Researchers from National University of Singapore (NUS) are proposing a privacy-preserved data fusion algorithm for traffic state estimation (FedTSE) to facilitate collaboration and data sharing between multiple data owners, such as traffic authorities and mobility companies.

 

Transportation systems are undergoing rapid transformation, characterized by the expansion of ridesharing services and the development of connected automated vehicles. These paradigms have enormous potential to facilitate human-centred transportation operations, not only by improving traffic efficiency but also by ensuring responsible data usage (e.g., privacy protection, fairness, etc.).

In the current phase, researchers from the National University of Singapore (NUS) investigated traffic state estimation by merging trajectory data provided by these paradigms with traditional roadside detector data owned by traffic authorities. While such data fusion has been widely demonstrated by researchers and practitioners to significantly enhance traffic operations, existing algorithms rarely consider the fact that sharing such trajectory data can raise privacy concerns for both individual travellers (e.g., their origins and destinations) and mobility companies (e.g., their operation algorithms).

To address the privacy concerns, the researchers proposed a privacy-preserving data fusion algorithm for traffic state estimation, leveraging a combination of federated learning (FL) and traffic flow theory.

 

The Research

The aim is to develop a privacy-preserving data fusion algorithm for traffic state estimation that accurately estimates key traffic states such as flow, density, and speed for better traffic operations while safeguarding the privacy of mobility companies that provide the trajectory data.

To achieve this, the researchers first utilize the promising framework of FL, which enables multiple parties to collaboratively train a model without exchanging private data. The researchers formulate the traffic state estimation problem as a vertical FL problem and build their algorithm on a recently developed framework, reducing communication overhead through local gradient updates and easily integrating with graph neural networks.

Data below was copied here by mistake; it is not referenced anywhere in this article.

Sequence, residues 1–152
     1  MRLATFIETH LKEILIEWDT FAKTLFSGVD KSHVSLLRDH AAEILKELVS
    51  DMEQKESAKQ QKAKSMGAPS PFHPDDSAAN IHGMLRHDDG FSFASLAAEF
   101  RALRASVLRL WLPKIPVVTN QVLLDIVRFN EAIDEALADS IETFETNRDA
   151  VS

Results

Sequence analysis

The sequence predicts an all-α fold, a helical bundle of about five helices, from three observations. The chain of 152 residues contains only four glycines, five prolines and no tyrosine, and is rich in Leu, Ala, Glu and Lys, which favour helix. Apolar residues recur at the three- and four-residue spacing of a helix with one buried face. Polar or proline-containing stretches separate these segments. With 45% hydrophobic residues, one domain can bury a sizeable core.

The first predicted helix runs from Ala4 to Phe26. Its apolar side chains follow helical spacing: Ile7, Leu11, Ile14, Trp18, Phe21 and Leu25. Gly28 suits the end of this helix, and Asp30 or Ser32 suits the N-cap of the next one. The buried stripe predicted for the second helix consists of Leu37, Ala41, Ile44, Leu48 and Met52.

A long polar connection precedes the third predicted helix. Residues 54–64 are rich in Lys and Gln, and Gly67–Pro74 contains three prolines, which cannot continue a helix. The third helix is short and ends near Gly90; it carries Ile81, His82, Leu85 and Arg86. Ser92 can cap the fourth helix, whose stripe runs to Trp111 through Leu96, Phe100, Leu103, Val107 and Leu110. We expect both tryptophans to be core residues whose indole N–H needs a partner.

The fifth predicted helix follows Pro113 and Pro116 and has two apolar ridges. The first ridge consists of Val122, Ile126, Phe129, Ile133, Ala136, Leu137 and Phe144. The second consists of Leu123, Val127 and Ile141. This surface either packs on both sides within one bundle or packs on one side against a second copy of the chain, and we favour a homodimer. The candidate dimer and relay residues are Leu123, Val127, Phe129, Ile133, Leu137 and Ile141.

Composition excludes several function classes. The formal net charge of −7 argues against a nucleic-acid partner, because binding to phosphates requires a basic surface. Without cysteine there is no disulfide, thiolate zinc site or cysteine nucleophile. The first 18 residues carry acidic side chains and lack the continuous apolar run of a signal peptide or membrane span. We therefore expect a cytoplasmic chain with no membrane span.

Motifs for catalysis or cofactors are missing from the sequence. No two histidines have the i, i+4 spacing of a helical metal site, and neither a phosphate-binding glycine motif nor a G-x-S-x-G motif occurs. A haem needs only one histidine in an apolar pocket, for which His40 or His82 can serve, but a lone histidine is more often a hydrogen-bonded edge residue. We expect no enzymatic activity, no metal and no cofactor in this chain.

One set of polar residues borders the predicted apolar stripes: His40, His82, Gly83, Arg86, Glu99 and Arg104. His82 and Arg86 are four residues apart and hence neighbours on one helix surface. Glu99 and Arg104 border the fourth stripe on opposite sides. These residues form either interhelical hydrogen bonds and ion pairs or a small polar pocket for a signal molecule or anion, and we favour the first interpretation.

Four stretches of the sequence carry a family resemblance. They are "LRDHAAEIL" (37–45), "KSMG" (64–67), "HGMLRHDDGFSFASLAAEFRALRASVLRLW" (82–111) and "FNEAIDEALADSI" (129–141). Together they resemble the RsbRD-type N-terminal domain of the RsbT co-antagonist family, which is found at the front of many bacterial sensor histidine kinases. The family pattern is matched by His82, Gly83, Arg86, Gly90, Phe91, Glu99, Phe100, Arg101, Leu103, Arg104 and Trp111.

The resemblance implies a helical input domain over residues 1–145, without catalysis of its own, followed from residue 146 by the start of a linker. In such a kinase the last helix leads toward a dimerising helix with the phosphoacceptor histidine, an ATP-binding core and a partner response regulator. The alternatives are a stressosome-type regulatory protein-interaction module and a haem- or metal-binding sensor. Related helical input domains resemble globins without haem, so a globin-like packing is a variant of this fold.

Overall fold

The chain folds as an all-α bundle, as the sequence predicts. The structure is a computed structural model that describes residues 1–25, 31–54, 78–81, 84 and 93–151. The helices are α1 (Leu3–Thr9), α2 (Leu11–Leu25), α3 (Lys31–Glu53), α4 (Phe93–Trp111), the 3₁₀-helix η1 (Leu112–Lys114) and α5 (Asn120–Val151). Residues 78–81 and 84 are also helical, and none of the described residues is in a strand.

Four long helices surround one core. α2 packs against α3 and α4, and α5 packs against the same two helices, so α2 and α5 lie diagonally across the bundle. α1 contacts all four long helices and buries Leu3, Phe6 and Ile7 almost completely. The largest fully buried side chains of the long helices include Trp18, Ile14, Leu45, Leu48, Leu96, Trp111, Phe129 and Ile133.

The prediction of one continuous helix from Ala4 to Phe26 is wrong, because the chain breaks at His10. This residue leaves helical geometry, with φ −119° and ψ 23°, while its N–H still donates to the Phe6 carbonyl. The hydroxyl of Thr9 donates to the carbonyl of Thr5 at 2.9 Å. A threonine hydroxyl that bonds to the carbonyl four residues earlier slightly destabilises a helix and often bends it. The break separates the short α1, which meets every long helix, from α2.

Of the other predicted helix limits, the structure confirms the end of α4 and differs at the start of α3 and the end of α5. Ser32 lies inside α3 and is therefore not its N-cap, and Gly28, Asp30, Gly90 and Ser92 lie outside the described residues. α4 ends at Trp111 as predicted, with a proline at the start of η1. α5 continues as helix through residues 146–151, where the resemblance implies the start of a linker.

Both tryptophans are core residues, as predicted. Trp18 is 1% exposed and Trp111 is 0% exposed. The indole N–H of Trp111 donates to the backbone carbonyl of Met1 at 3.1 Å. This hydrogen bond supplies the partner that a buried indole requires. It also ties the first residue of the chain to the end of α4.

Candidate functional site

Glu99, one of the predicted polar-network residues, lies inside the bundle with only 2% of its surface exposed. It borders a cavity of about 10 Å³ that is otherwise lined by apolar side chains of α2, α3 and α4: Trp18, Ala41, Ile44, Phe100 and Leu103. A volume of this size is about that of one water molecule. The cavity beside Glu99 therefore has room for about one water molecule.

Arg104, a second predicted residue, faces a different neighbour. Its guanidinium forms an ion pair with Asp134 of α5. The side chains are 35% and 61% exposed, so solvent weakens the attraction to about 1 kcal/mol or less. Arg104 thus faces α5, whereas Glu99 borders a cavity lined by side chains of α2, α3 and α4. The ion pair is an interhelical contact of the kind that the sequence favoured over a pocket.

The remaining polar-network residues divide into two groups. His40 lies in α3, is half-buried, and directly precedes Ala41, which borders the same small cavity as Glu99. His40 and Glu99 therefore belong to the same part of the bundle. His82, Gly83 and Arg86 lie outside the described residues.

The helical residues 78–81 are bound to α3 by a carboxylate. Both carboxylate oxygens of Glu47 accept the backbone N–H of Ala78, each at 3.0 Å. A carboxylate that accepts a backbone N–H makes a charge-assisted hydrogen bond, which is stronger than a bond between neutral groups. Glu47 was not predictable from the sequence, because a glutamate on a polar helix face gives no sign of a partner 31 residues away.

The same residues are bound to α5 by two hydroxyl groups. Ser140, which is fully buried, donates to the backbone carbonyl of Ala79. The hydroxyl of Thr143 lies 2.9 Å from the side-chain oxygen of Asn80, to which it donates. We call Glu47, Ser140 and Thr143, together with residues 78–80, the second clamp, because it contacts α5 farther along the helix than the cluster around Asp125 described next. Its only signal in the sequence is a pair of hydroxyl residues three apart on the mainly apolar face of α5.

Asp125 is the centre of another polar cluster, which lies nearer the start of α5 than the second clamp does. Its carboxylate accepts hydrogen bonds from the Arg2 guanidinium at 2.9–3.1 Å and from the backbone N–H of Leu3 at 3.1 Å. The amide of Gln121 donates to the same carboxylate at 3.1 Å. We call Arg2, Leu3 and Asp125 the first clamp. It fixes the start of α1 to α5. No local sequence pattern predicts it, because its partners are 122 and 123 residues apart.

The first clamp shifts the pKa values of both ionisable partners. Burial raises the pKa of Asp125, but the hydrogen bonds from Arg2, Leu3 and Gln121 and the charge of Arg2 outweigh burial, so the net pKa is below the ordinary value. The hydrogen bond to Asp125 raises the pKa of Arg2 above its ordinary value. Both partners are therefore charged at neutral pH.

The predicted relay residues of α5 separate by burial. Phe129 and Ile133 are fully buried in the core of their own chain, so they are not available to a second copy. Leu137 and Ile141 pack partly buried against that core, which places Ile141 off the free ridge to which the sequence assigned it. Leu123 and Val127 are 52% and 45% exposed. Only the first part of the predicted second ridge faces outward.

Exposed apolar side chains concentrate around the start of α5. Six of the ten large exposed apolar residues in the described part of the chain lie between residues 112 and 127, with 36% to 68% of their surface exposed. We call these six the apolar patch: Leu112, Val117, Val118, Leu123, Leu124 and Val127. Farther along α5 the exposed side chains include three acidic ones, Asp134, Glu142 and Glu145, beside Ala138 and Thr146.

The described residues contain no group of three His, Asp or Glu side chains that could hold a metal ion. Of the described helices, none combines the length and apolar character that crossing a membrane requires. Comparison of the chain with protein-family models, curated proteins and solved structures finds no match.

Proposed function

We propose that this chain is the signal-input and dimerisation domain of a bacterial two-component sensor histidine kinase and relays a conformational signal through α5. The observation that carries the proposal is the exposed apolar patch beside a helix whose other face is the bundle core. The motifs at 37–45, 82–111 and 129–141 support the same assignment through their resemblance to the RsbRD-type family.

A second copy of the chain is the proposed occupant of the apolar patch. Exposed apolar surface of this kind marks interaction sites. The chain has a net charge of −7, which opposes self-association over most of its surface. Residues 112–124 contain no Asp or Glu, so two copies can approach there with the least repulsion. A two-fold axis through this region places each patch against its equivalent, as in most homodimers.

Next, the researchers proposed a physics-informed FL approach that integrates traffic models with FL to improve data efficiency. This ensures the applicability of the proposed FedTSE in common traffic state estimation scenarios with limited ground-truth availability. Physics-informed deep learning integrates physical models into learning-based approaches to improve the data efficiency in the training process and/or to preserve the desired physical properties of the trained models.

 

The Technology

Vertical federated learning: It enables data fusion between two entities without the need to disclose their raw data.

Traffic flow modelling: It ensures that the estimated traffic states satisfy key constraints defined by traffic flow dynamics.

HPC resources: This project was allocated 3,000 GPU hours from NSCC Singapore to train their models.

 

The Impact

Case studies demonstrated that the models developed by the researchers can preserve the privacy of data owners with minimum impact on estimation performance, significantly outperforming baselines where mobility companies only share partial or no data due to privacy concerns. Moreover, by protecting privacy, mobility companies can be more incentivized to participate actively in data fusion and use higher-resolution data, thereby enhancing estimation accuracy.

On the practical side, the proposed strategy can help eliminate the data silos in the transportation industry by promoting collaboration between stakeholders, allowing them to share data safely and trustfully.

To find out more about how NSCC’s HPC resources can help you, please contact [email protected].

NSCC NewsBytes April 2024

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